The meditation hall would be a partial two-story building with architectural features creating a height of up to 29 feet. A large main room would have an altar at the east end for congregational assembly and meditation, and approximately 1,725 square feet would be used for a multi-purpose room which would also serve as a weekend food warming kitchen and weekend dining hall. The second floor would include a conference room measuring approximately 2,430 square feet. Both stories would have restrooms.
The main worship hall building would be 35 feet in height, and a steeple over the altar area would extend the height to 40 feet. In addition to a large room for congregational assemblies, the main worship hall would include daily administrative use office space and restrooms on both stories, and the second story would have approximately 1,440 square feet of study and private meditation area.
The grading of 14,400 cubic yards of cut and 13,400 cubic yards of fill would create an export of 1,000 cubic yards, and the relocation of the driveway to meet County of San Diego sight distance requirements would involve movement of 3,400 cubic yards of cut and 4,900 cubic yards of fill.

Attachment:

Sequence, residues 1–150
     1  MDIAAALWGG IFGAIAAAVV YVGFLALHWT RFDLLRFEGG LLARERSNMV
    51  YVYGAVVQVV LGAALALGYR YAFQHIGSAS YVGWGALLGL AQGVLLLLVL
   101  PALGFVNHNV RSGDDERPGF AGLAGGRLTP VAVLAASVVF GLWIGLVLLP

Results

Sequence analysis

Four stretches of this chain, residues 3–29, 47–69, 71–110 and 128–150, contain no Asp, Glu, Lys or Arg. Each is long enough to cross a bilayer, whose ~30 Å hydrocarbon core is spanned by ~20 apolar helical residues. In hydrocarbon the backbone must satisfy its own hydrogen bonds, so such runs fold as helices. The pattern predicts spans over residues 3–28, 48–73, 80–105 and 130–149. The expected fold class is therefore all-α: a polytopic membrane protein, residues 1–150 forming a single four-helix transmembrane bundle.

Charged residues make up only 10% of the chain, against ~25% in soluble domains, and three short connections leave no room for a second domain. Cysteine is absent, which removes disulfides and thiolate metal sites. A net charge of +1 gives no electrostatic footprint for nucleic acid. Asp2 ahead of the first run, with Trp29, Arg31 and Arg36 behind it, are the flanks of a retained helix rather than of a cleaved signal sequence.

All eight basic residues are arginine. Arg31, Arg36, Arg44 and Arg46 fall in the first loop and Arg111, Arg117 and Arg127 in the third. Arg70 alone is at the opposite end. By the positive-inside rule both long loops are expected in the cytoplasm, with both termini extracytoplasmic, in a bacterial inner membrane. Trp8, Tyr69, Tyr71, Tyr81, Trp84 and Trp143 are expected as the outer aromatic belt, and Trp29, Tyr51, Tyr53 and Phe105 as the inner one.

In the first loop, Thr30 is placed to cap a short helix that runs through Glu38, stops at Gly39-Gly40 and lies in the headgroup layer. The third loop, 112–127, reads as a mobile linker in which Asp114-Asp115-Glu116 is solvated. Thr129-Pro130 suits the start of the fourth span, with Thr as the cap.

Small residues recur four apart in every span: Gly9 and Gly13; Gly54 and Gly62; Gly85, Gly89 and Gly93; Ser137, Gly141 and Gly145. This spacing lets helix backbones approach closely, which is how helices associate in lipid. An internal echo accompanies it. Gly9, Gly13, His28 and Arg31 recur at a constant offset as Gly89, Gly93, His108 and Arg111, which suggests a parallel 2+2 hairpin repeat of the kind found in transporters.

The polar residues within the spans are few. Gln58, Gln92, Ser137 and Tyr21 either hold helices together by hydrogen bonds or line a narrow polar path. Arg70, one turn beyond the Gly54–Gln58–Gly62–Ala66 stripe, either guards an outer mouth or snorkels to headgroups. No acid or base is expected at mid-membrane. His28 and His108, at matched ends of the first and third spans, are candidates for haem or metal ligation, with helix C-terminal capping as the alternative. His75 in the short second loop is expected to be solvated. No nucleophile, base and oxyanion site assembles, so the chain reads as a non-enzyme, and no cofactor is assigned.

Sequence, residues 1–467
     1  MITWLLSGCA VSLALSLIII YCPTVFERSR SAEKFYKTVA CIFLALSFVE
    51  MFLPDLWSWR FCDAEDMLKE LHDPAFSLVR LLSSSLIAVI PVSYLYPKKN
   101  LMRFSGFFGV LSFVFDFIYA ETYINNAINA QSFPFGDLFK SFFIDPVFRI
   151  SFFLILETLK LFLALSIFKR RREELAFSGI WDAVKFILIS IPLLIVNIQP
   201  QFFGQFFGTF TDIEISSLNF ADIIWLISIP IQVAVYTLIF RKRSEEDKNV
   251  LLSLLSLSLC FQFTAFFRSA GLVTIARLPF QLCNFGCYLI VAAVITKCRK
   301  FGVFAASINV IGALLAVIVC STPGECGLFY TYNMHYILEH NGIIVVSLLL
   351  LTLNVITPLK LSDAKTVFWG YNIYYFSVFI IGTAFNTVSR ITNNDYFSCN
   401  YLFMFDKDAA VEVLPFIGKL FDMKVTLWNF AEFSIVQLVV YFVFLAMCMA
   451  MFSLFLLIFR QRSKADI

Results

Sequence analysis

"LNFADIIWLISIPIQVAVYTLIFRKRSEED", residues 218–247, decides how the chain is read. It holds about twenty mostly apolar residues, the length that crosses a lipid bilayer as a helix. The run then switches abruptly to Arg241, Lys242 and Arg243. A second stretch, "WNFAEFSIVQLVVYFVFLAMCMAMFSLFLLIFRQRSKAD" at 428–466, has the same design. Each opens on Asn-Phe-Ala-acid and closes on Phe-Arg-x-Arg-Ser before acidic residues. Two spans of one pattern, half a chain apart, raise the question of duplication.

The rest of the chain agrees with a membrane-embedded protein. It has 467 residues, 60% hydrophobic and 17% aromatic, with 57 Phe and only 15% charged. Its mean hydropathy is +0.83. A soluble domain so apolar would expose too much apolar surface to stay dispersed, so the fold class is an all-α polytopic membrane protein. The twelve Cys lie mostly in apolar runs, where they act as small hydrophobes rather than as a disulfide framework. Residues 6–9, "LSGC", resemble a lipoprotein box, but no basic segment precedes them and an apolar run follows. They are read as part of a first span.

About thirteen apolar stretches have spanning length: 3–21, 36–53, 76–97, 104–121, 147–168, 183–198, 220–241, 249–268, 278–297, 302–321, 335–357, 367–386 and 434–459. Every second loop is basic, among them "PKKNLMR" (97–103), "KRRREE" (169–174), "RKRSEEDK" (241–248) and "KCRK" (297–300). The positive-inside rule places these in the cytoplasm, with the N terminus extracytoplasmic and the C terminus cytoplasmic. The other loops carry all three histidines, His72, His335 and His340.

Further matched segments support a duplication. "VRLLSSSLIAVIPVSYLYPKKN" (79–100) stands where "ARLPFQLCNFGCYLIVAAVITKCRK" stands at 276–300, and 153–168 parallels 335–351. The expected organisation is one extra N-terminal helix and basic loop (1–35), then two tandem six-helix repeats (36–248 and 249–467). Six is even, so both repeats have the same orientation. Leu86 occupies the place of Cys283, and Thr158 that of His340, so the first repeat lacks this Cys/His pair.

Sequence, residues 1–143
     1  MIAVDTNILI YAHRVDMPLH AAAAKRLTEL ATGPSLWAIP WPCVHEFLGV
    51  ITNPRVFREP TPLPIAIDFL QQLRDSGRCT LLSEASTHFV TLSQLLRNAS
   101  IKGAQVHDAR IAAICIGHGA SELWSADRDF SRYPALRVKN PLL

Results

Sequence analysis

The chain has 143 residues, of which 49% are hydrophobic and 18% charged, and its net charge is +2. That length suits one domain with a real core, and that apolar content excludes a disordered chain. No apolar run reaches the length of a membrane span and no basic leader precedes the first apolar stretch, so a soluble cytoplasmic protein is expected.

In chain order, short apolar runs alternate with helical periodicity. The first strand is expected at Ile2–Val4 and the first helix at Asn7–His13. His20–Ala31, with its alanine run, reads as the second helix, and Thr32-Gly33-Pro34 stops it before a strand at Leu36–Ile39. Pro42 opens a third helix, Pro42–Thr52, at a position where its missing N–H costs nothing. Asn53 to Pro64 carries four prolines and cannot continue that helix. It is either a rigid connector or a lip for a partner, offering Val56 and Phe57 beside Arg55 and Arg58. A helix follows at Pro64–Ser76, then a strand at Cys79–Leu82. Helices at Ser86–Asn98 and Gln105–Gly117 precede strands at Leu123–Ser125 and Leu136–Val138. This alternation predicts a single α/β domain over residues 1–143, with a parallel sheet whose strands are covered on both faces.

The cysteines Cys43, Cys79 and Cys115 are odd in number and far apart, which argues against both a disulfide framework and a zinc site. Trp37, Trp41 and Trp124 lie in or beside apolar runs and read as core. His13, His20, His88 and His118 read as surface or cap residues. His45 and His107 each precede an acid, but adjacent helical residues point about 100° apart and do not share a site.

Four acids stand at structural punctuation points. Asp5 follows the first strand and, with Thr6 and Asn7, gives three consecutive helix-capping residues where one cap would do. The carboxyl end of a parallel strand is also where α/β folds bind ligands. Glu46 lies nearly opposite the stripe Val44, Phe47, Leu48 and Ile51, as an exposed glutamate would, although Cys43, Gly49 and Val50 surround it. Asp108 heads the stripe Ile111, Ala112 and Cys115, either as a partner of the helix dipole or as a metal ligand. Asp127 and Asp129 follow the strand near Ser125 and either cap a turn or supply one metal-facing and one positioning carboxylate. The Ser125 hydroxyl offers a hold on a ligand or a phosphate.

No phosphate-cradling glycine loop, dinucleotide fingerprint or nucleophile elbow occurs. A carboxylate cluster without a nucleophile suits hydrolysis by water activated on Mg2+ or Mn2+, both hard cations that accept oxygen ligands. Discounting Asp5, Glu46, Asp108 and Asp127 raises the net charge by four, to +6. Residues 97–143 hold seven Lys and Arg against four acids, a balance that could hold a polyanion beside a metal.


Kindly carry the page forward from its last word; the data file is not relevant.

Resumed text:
A 24-foot-wide paved driveway from Camino del Rey would serve as the main access while emergency access would be provided from Wrightwood Way at the site’s northern boundary. The 81 parking spaces would include six handicapped spaces, and a permanent overflow parking area would have a capacity of an additional 41 parking spaces.
The monks do not drive cars, and no visitors would be allowed after 5 p.m. The center would operate between 9 a.m. to 6 p.m. on weekends and Buddhist holidays; normal weekend meditation activity would occur approximately 45 times a year and would attract up to 300 people. Four special religious events each year, based on Buddhist holidays, are expected to attract between 300 and 600 people, and three annual events associated with Buddhist holidays or a visit from the Headmaster would attract up to 1,000 people.